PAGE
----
4 4 PuK A, PuK B ) as inputs, and outputs either accept or reject. It is eecuted by any verifier: PSV(δ P, m, m w, PuK A, PuK B )? = accept or reject (3) Till now, a lot of partial delegation with warrant based proy signature schemes are proposed, for eample in [29], [30], [31]. In our scheme we use the algorithm eamples in [27], [28] to grant the group administration privilege to the specific group members. However, actually we only use the basic concept of proy signature described here. Other newly proposed reasonable group signature schemes can also be used in our protocol. H=3 <1,0> <0,0> <2,0> <2,1> <2,2> <1,1> <2,3> M M 3 4 <3,0> <3,1> <3,6> <3,7> M M 1 2 M 5 M 6 N=6 Fig. 2. A TDH key Tree with 6 nodes 3.2 TDH based roup Key Agreement The TDH protocol in [19] uses an adaptation of binary key trees in the contet of fully distributed group key agreement based on Decisional Diffie- Hellman problem[32]. Let p and q be two prime numbers which satisfy the condition q p 1 and the size of p and q are large enough so that solving the discrete logarithm problem in is infeasible computational, where is a subgroup with order q of a finite field Z p. Let g be a generator of. The binary key tree in TDH protocol is organized in the following manner: each node l, v is associated with a secret key K l,v and the corresponding blinded key BK l,v = g K l,v mod p. Each secret key K l,v of the internal node l, v is the Deffie-Hellman echanged key between its two child nodes and can be computed recursively as follows: K K l,v = BK l+1,2v l+1,2v+1 mod p = BK l+1,2v K l+1,2v+1 mod p = g K l+1,2v K l+1,2v+1 mod p (4) The key pair at the root node (K 0,0 and BK 0,0 ) is the established group key pair (group public key PuK and group private key PrK ) shared by all group members: PuK = K 0,0 and PrK = BK 0,0. Each group member is associated with a leaf node, whose security key is randomly and securely chosen. Based on the TDH protocol, Each group member M i at the leaf node l, v knows all publicly shared blinded keys of sibling nodes of all nodes in the path from l, v to 0, 0 and can compute all secret keys of nodes in the path. For eample in Fig. 2, M 2 knows his/her secret key K 3,1 and the blinded keys broadcasted by other l=1 l=2 l=3 l=4 group members: BK 3,0, BK 2,1, BK 1,1. Therefore, M 2 can compute the key pairs of nodes 2, 0, 1, 0 and 0, 0. There are five basic operations in TDH: Join, Leave, Merge, Partition and Key-refresh. From [19] we know that: 1) A joining operation requires two rounds (broadcast) with two messages. The number of modular eponentiations is O(2h 2) and O(h 1)(h = log(n) ), where O(2h 2) modular eponentiations are needed by the sponsor to compute h 1 security keys Ks and blinded keys BKs, and O(h 1) modular eponentiations are needed by each other member to compute related updated key in his/her path from its associated node to the root node. 2) A leaving operation requires one round with one message. The number of modular eponentiation needed are also O(2h 2) and O(h 1). There have been a lot of work to enhance the robustness of TDH[33], [34], [35], including how to keep the stability when frequently joining and leaving, overhead optimization when more than one group members joining or leaving at the same time, and so on. However, all of these schemes do not consider how to do key negotiation when not all the group members online together at the same time. The assumption that all group members should be online together cannot be guaranteed in the cloud environment, which makes that the traditional TDH is not suitable. This paper will put forward an improved scheme to deal with this problem. 3.3 Proy Re-encryption Proy re-encryption[9], [36], [37] is an cryptographic primitive in which one person (Take the user A for eample) allows a semi-trusted proy to re-encrypt his/her message that will be sent to another designated person (Take the user B for eample). A should generate a proy re-encryption key rk PuKA PuK B by combining his/her secret key with B s public key. This re-encryption key is used by the proy as input of the re-encryption function, which is eecuted to convert a ciphertet encrypted under A s public key (PuK A ) into another ciphertet that can be decrypted by B s private key (PrK B ). Ecept for converting, the proy cannot see the underlying data contents. Proy re-encryption is etensively used to provide ciphertet updating in cloud environment. By this way, most computational intensive operations of ciphertet updating can be transferred to Cloud Servers, without reveal any content of ciphertet to them. This paper is not the first to introduce proy re-encryption into cloud based data sharing. A lot of works[4], [6], [7], [38] rely on proy re-encryption to re-encrypt digital envelopes or shared data in Cloud Servers. Please refer to [9], [36], [37] for more details of proy re-encryption schemes. 4 OUR PROPOSED SCHEME This section first gives an overview of our proposed scheme, then describes the scheme in detail which main- for more information.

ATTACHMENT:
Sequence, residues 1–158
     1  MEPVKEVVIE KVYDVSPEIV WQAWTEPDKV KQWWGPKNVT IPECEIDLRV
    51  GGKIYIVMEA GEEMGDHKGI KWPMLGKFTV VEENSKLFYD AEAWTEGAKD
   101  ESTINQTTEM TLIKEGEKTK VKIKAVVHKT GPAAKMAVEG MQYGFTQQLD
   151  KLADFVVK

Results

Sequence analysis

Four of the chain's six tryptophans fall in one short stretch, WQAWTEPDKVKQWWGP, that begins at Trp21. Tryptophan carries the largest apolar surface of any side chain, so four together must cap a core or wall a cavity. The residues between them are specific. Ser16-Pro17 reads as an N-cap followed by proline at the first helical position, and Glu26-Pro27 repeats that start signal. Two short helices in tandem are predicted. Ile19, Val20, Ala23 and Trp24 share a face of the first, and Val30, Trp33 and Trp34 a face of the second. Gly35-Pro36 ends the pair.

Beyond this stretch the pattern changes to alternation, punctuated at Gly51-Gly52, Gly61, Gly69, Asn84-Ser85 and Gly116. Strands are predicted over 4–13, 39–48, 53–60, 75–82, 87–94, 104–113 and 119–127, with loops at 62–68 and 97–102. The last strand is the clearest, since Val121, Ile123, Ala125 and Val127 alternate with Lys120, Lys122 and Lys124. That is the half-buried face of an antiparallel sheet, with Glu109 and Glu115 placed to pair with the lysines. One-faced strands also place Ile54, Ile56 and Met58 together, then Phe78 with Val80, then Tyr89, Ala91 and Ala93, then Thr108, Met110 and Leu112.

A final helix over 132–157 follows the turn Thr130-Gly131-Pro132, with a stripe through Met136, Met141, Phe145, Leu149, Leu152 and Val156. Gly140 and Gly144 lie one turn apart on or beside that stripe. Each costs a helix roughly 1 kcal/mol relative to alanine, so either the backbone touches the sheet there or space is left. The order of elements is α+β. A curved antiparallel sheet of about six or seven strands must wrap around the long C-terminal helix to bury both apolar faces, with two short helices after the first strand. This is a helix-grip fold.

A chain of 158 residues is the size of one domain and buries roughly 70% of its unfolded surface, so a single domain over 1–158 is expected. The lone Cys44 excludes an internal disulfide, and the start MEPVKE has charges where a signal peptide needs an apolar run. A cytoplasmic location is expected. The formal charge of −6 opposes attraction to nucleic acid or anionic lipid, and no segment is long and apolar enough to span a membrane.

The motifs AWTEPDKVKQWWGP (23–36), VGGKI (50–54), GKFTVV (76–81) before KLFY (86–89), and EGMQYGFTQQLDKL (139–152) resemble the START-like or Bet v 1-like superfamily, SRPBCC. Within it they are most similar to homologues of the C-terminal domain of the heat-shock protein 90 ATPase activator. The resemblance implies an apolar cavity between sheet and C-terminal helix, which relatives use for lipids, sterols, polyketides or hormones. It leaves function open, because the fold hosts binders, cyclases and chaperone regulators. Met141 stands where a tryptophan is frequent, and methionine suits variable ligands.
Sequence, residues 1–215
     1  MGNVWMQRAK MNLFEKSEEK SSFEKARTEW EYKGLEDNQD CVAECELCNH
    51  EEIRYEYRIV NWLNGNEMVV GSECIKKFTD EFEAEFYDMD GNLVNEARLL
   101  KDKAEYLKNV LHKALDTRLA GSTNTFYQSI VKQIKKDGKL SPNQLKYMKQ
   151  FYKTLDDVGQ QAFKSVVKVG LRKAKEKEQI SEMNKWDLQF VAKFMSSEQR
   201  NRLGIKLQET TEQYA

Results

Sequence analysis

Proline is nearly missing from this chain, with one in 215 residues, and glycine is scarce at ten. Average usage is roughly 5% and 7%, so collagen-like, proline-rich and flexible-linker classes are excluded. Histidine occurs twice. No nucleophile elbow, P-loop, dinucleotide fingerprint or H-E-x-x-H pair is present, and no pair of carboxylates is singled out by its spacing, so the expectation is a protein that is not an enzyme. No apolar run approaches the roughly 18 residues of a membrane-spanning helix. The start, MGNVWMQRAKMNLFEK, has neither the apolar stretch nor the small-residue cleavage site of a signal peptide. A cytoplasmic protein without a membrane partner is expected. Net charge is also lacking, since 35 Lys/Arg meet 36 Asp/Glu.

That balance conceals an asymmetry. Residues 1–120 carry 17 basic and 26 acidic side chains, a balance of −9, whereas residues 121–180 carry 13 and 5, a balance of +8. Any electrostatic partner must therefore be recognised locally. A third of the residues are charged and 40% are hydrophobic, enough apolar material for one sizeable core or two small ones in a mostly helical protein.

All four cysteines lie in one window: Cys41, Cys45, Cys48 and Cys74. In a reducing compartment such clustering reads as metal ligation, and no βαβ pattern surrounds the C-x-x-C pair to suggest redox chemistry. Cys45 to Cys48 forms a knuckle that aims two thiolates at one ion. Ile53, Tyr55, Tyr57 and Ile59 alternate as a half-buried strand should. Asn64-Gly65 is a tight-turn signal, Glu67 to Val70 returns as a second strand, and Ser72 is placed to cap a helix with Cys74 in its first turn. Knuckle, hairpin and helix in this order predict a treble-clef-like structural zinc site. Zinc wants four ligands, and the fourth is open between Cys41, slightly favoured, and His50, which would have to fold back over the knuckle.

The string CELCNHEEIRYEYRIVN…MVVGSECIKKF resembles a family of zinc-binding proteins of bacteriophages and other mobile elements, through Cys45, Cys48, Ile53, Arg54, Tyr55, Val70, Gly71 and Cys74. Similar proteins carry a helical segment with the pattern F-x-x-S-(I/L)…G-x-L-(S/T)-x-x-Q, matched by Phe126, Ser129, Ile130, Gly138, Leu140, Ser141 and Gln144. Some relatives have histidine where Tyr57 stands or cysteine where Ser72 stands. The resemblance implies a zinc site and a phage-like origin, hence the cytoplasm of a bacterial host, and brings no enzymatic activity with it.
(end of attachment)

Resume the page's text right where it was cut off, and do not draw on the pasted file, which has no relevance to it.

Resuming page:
5 5 ly consists of five phases: roup Initialization, roup Administration Privilege Management, roup Member Leaving and Joining (including roup Member Leaving, roup Member Joining and roup Administrator Leaving), Key Synchronizing, and Data Sharing Management. The phase of Data Sharing Management describes the method how to securely upload and download file in the group. Furthermore, we detailed describe all these phases in the following subsections. 4.1 Overview Obtaining storage and computing resource from the cloud provider, the group leader L implements the phase of roup Initialization to initialize a binary tree and some related security information of the group. Then L can unicast the private key of each leaf node to the associated group member under the protection of encryption and signature. With the help of Cloud Servers storage, each member can compute the group private key PrK. Relying on the proy signature, the phase of roup Administration Privilege Management can help L grant the group administration privilege to some specific group members. Furthermore, we divide the phase of roup Member Leaving and Joining into three possible sub-phases: roup Member Joining, roup Member Leaving and roup Administrator Leaving. Through the sub-phase of roup Member Joining, a group administrator and the new joining group member interact with each other to update security information of the group, including the group key pair PrK and PuK. Forward Secrecy should be guaranteed when a group member joins, which ensures that the newly joined user can also access and decrypt the previously published data. Therefore, all the old digital envelopes used to protect session keys, which are generated to encrypted previously published data don t need to be updated. When a group member leaves, his/her associated node is mandated by a group administrator. In the sub-phase of roup Member Leaving, the group administrator A launches enhanced TDH based group key updating and then generates a proy re-encryption key from the version of group public key used in the eisting digital envelopes to the new updated version. Different from a general group member, a group administrator usually mandates more than one leaf node, and he/she knows all the secret keys of these leaf nodes. Therefore, when a group administrator leaves, another A or L should mandate all these leaf nodes, change the security keys, and update security information of the group including the group private key. The proy re-encryption implementation is like that used in the sub-phase of roup Member Leaving. With the algorithm of proy reencryption, Cloud Servers can update all eisting digital envelopes to be encrypted under the new updated group public key. Key Synchronizing is a key part of enhanced TDH in our scheme. With the help of Cloud Servers, it makes temporarily offline group members can compute the current agreed group private key and other security information which needs to be synchronized. 4.2 roup Initialization After obtaining storage and computing resource from the cloud provider, L generates a shortest binary tree with n leaf nodes, where n is the number of group members (including L itself) in the initial group. Each node of this binary tree can only have either zero (as a leaf node) or two child nodes, which means a node with one child is not allowed. Each one of these n leaf node is associated with one different group member. L chooses a random number for each leaf node, and uses it to generate a secret key for the associated group member. Then, L follows Eq. 4 to compute the secret keys and the blinded keys for each node in the binary tree. L initializes the version of each node to 0. The version is designed to determine whether key synchronizing is needed, which we will discuss in Section 4.7. Fig. 3 gives the pseudo-code about the group initialization. For each group member M i, L encrypts Inde Mi, K Mi and a timestamp value T with PuK Mi : m w Mi E P ukmi (Inde Mi K Mi T ), where Inde Mi is the inde which represents group member s associated node position in the binary tree), K Mi is the secret key of the leaf node associating with M i, PuK Mi is M i s public key, and T is a timestamp value represent the current time. Then L signs m w Mi with its private key PrK L : δ PL Sign(m w Mi, PrK L, T ). Finally, for each group member M i, L unicasts {m w Mi, δ PL } to M i. After receiving the message from L, each group member M i can verify timeliness of the received message and signature validation, and then get his/her security key K Mi and the inde of its associated node Inde Mi. We assume that there is an authenticated channel between L and Cloud Servers. After the above operation, L uploads the binary tree structure and related information into the cloud. For each node, its blinded key and node version are included. Moreover, for each leaf node, The identity and the public key of its associated group member are further included. After M i sends a request including the inde of its associated node to Cloud Servers, Cloud Servers reply the blinded keys of all sibling nodes of every node in the path from M i s associated leaf node to the root node (We specially define that the root node s sibling node is itself.). After that, following Eq.4, the group member M i can compute all secret keys and blinded keys of every node in the path, finally reaching the root node. The secret key of the root node is the group private key PrK, and the blinded key of the root node is the group public key PuK. Take M 2 in Fig. 2 for eample. After receiving M 2 s request which contains the inde of M 2 s associated node ( 3, 1 ), Cloud Servers find out sibling nodes of all nodes for more information.